So far this season, Rondo is assisting on about 60 percent of his team’s baskets when he is on the floor (his assist rate).
He has racked up more assists through the first five games of the season than any player in history has done in that same stretch. More than Stockton, more than Magic, more than Cousy. It really is a thing of beauty. Rondo is averaging 16.4 points to 4 turnovers per game — a 4/1 ratio.
But it’s not just the numbers that impress, it’s when he’s getting them.
Rondo had four assists at halftime last night, as the Celtics found themselves in a fight with a plucky Bucks team. Rondo picked up four more assists in the fourth quarter, but the game remained close, as Greg Payne pointed out at Celtics Blog.
Then when it was on the line Rondo was dealing — he assisted on six of the Celtics last seven baskets in regulation, and he scored the team’s two buckets before that. He picked up another assist and in overtime.
The only thing that could slow Rondo right now is sore feet, which is something Doc Rivers admitted his point guard had during the game last night, as reported by the Boston Herald. It’s a little tough to hear that five games into the grind of the season. However, it’s not bothering Rondo’s play yet.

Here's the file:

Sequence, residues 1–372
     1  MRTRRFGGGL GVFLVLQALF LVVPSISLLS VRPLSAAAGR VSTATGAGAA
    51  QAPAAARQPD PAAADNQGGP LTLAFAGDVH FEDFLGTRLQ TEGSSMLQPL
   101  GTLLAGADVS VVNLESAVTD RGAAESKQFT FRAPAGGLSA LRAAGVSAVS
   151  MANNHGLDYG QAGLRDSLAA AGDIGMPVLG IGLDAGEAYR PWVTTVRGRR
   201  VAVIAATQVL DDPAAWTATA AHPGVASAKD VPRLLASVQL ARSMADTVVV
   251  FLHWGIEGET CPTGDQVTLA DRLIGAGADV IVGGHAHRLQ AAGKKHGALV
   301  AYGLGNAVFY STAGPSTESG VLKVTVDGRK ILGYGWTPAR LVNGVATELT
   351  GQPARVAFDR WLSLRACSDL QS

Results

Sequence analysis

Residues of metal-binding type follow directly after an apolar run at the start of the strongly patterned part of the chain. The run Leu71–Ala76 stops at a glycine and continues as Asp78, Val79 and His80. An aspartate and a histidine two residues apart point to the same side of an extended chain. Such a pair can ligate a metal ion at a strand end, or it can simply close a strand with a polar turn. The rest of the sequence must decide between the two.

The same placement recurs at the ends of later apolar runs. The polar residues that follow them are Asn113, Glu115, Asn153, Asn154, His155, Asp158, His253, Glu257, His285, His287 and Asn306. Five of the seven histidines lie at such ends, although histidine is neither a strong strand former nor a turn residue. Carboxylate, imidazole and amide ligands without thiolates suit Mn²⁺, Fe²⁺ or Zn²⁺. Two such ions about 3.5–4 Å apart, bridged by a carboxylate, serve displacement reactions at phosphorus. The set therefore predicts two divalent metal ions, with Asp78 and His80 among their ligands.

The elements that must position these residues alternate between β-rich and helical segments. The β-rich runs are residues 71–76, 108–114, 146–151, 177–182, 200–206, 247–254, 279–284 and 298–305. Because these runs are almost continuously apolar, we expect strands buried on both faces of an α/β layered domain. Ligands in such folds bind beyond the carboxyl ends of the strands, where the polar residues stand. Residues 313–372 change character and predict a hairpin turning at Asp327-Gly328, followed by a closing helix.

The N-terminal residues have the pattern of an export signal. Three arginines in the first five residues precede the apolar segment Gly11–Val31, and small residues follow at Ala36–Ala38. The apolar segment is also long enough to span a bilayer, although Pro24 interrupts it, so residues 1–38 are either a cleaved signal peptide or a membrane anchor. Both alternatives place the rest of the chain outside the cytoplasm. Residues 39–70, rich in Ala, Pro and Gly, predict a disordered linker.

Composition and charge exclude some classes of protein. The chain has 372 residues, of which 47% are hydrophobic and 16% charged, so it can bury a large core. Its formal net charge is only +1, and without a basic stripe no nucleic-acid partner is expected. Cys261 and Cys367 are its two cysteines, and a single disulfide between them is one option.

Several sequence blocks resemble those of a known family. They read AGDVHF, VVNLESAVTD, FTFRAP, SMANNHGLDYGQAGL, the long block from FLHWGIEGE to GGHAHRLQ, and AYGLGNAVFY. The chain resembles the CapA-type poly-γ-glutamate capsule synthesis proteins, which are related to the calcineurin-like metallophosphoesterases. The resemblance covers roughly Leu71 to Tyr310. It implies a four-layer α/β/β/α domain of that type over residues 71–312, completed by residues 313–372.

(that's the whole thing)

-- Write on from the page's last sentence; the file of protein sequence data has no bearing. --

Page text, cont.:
Rondo is playing the best basketball of his life. He’s on a streak and will not remain quite this hot. So best you watch him right now, because for all the talk of Boston’s Big 3 and what is going on at center, Rondo is the best player on that team. He is the guy making it happen.
Report: Matt Barnes texted friend that he beat up Derek Fisher, spat in wife’s face
When an accused domestic abuser shows up uninvited at a family party to—as a source put it to the New York Post—“beat the shit” out of someone for the offense of dating his ex, that is not a wacky character up to zany shenanigans. It is not reality TV melodrama or a cartoon or celebrities being silly. It is the behavior of a dangerous misogynist lunatic. It is an act of violent aggression. It is a man forcefully asserting personal property rights over a woman’s home, body, and life. It differs from what Ray Rice did in that elevator by degree, not by kind, and not by all that much.